First, mental and physical health depend on a healthy natural environment.
Second, you’ve got to show leadership. You have to educate and engage everyone and you need to collaborate.
Third, you need to adapt to climate change—including the risk of fires, floods, all those things—and that has to be supported by your efforts to reduce your carbon footprint.
Finally, your actions should not adversely affect health, so your approach needs to be accurate, evidence-based and flexible because we don’t know what’s going to happen in the future.
Within that model, you can work in any situation.
You can work in a hospital; you can do community health; you can be a one-person practice or be in a large practice.
What can I do to make my practice more sustainable?
David Duindam is a Queensland-based physiotherapist working in private practice.
Sarah: Start by assessing your clinic’s carbon footprint.
There are calculators available online and councils often have sustainability officers who can help.
If you don’t know where you stand, it’s hard to know where you can make meaningful changes.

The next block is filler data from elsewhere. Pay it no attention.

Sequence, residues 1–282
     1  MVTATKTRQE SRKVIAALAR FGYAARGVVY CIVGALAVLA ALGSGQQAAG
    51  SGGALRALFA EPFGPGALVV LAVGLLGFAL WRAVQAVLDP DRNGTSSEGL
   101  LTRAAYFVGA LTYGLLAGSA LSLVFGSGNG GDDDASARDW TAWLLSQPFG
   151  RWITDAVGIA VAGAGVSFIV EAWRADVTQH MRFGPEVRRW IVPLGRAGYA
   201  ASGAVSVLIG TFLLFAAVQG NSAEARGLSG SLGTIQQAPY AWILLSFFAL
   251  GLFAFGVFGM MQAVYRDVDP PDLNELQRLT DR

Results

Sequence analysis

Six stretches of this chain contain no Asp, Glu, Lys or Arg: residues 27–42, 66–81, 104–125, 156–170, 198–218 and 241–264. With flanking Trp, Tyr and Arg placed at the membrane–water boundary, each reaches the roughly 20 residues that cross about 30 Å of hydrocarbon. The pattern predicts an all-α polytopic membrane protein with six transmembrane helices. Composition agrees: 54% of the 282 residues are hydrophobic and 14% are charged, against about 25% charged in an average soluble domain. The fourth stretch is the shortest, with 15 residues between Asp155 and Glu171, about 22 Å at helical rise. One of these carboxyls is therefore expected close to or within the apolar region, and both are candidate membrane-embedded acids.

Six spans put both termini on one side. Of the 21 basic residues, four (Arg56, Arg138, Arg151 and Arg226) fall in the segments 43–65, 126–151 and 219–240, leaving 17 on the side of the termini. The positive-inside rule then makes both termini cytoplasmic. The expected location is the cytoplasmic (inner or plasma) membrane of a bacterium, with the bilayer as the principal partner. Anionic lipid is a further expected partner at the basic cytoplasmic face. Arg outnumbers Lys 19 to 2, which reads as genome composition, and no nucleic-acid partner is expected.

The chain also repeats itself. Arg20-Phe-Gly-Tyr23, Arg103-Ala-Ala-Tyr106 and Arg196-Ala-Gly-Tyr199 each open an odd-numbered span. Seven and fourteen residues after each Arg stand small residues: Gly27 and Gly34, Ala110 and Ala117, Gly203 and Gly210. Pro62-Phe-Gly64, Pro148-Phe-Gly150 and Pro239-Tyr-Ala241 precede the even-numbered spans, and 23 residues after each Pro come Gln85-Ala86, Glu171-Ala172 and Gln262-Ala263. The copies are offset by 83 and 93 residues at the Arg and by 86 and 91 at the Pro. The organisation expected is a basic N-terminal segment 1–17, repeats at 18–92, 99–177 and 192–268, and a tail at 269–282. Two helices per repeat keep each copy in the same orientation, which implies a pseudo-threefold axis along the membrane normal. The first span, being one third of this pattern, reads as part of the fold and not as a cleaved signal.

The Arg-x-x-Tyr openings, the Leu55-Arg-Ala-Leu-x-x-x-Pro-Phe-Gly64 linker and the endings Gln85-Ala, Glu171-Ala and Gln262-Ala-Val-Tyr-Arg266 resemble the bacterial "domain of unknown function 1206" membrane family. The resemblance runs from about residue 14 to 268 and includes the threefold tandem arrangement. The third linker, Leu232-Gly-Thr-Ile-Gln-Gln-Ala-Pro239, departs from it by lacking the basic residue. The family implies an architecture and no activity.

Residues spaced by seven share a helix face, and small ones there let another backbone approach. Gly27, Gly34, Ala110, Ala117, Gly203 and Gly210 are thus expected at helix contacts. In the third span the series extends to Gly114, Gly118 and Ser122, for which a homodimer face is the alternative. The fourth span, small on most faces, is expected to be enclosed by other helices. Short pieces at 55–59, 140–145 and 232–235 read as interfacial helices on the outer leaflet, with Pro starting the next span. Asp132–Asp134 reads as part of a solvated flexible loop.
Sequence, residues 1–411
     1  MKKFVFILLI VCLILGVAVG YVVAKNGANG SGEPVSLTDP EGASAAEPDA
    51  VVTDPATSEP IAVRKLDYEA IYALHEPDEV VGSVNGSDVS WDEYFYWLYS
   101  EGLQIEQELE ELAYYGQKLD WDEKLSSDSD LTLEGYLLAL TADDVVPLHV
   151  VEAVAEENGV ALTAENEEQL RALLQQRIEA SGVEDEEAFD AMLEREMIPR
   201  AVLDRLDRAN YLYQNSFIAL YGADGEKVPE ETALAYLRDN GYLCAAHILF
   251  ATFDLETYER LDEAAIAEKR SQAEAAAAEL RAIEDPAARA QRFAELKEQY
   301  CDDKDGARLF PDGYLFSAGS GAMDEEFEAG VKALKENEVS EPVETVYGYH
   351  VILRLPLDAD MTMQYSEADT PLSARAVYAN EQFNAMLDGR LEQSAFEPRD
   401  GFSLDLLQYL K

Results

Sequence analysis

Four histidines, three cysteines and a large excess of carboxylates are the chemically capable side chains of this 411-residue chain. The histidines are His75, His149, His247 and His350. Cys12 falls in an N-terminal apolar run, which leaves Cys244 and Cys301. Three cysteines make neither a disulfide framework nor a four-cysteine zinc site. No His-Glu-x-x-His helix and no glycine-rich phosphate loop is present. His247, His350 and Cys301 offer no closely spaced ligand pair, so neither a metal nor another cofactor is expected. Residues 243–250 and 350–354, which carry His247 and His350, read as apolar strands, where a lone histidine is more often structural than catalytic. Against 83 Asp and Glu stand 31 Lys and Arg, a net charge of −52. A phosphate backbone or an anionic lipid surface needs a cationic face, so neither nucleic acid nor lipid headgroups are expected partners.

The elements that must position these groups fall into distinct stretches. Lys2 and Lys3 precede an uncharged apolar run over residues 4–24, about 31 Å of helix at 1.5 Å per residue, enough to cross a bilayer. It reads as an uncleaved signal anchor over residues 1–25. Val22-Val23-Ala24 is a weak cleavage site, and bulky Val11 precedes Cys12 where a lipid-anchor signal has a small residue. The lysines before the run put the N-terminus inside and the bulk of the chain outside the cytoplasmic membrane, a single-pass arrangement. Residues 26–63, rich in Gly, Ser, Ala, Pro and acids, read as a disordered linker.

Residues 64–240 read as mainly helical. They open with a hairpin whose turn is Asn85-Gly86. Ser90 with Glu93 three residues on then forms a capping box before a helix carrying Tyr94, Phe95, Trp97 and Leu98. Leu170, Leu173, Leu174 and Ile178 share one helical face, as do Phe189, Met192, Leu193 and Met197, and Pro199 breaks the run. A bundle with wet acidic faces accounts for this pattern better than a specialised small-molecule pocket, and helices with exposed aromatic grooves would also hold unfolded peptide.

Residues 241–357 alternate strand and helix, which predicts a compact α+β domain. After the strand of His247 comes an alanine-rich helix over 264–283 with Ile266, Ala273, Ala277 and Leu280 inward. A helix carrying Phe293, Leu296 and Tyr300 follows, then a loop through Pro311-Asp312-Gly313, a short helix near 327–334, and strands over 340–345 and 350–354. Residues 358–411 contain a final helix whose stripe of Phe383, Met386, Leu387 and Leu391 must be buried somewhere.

You can also join an advocacy group—there are a few out there full of healthcare professionals.
It is easy to feel like you’re alone and it’s too overwhelming, so being part of a community will help.
Consider getting rid of low-value machines in your clinic, particularly devices with poor evidence or devices that don’t get used very often.
Buy second-hand equipment where possible and try to recycle or rehome before chucking things out.
Try to use Australian-made products and suppliers.
Make use of things people already have available to them at home before sending them to Kmart for more plastic.
Lead by example.
David: In a nutshell, it’s a matter of reducing energy use, managing your waste better, decarbonising the supply chain and working on behaviour change for staff.